Election Day Offers Solidarity Amidst a Fractured Country

Olivia O'Donnell, Community Writer

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With the rise of Trump came the dismantling of the democratic safeguards and the shattering of established norms. The expectations of a political figure to be poised, trustworthy, and civically aware crumbled, replaced by an exasperatingly low confidence in the U.S. president to declare something of substance instead of the usual, distasteful rhetoric. These defenses, to name a few, broke one after another as Trump took a stand on the national stage, transparent about his character and inexperience with the Constitution and global leadership. The unraveling of these guardrails, as outlined by The Atlantic’s David Frum, paved the path of destruction not only for the country but for those living within its borders. The deep division between party lines and the intolerance for people of differing ethnicities, sexes, and creeds bled into the everyday maltreatment of others. The president’s clear displays of moral absence sent the message that the hollowing disrespect will be tolerated; if the president–a supposed role model–can do it, then so can the 323.1 million people that he serves.  


Thus, it is no surprise that demoralization and cynicism have been running rampant. With Trump foregoing intellect–and the Republican party publicly accepting this ignorance–many began to lose hope in the country and its ideals. Yet the results of this year’s Election Day serve as the reminder to remain vigilant and passionate about the future.  


November 7th was anything but ordinary. It marked a day of historical firsts, showing that people still care. In a digitalized and impersonal world where discrimination is all too common, there still remains an unbridled consciousness. Election Day served as a rallying cry, a symbolic protest of the current presidential administration’s values; from coast to coast, female, non-white, and LGBTQ candidates learned that they had been the first to win in elections usually dominated by white heterosexual men. According to Vox, black mayors were elected for the first time in cities in Minnesota, Montana, and North Carolina; transgender candidates won in Virginia, Minnesota, California, and Pennsylvania; in Virginia, Latin-American and Asian-American delegates were visibly effusive in their responses to their victories.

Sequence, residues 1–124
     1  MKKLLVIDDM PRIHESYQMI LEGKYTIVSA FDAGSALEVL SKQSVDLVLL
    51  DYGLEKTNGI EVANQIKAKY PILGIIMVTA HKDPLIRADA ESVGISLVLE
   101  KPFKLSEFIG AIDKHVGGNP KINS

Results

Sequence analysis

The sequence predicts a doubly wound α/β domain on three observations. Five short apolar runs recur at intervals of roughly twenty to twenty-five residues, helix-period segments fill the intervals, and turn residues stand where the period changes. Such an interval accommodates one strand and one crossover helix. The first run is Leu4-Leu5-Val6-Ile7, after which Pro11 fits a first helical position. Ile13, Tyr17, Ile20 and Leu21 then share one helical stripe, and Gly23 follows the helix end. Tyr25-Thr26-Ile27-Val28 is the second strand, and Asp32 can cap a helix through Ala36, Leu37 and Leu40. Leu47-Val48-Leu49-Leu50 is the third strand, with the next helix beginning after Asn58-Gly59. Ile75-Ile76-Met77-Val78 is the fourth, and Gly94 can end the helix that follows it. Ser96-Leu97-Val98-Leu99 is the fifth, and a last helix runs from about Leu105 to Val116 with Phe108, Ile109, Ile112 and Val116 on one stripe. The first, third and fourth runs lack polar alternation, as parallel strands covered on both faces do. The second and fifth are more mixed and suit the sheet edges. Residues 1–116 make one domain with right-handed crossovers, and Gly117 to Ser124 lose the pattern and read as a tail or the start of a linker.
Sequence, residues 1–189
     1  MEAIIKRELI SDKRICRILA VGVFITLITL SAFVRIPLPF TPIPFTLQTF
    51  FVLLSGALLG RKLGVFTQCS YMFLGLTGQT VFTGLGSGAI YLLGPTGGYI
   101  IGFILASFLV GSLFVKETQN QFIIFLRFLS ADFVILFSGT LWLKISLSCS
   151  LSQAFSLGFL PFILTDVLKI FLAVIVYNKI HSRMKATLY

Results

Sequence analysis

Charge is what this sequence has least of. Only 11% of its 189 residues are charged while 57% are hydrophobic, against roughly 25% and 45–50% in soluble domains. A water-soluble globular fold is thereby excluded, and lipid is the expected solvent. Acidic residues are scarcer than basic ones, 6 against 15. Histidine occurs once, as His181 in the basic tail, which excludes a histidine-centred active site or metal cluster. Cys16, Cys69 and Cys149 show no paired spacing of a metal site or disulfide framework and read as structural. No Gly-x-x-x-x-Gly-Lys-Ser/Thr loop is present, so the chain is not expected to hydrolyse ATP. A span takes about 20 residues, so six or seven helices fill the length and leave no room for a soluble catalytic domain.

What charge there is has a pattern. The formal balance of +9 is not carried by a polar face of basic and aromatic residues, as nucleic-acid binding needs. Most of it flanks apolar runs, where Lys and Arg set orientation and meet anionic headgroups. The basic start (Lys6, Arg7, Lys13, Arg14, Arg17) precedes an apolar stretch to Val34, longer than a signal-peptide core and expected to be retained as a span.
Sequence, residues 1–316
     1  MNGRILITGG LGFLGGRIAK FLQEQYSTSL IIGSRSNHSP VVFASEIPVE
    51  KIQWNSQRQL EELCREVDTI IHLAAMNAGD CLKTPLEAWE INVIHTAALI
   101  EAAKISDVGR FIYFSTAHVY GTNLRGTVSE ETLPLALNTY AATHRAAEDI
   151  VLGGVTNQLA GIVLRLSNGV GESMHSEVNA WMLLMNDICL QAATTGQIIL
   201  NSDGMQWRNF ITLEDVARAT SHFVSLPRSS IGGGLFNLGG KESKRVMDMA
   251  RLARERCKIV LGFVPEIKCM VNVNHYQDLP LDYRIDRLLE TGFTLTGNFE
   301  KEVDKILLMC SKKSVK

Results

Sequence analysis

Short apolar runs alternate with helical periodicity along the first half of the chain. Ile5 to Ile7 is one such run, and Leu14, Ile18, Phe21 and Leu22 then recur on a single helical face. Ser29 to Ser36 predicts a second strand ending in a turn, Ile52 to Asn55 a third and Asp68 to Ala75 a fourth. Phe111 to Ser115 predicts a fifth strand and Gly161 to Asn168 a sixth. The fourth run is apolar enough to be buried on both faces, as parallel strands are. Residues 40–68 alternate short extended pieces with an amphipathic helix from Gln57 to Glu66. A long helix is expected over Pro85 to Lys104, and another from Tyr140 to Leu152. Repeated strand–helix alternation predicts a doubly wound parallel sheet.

More specifically, the race for the seat in Virginia’s House of Delegates proved to be a triumph for the LGBTQ community, as the first openly transgender state lawmaker Danica Roem won against the 13-term incumbent Delegate Robert G. Marshall, Virginia’s self-proclaimed “chief homophobe” who proposed a bill that prevented transgender individuals from using the bathroom that conformed to their identity. Roem, in her victory speech, championed inclusion, “I want to make a point here that no matter what you look like, where you come from, how you worship, who you love, how you identify, and yeah, how you run, that if you have good public policy ideas, if you are well qualified for office, bring those ideas to the table, because this is your America, too. This is our commonwealth of Virginia, too.”


In Helena, Montana, voters elected Wilmot Collins, a refugee who escaped Liberia and the debilitating effects of its civil war. Collins accepted the victory with poise after having defeated the incumbent mayor who had held office for 16 years. In New Jersey, lawyer and civil rights activist Ravinder Bhalla accepted his win, marking the first Sikh mayor in New Jersey’s history. These are just a few examples of the wonderfully-diverse candidates that celebrated their feats in their respective communities.


The significance of these victories should not be overlooked: the identities of the aforementioned candidates, despite being a typical target of Trump’s unfounded prejudice, serve as a testament to the enduring resilience in the face of hatred. The ballots represent the voice of the American people, and should be the driving force of solidarity in our country.


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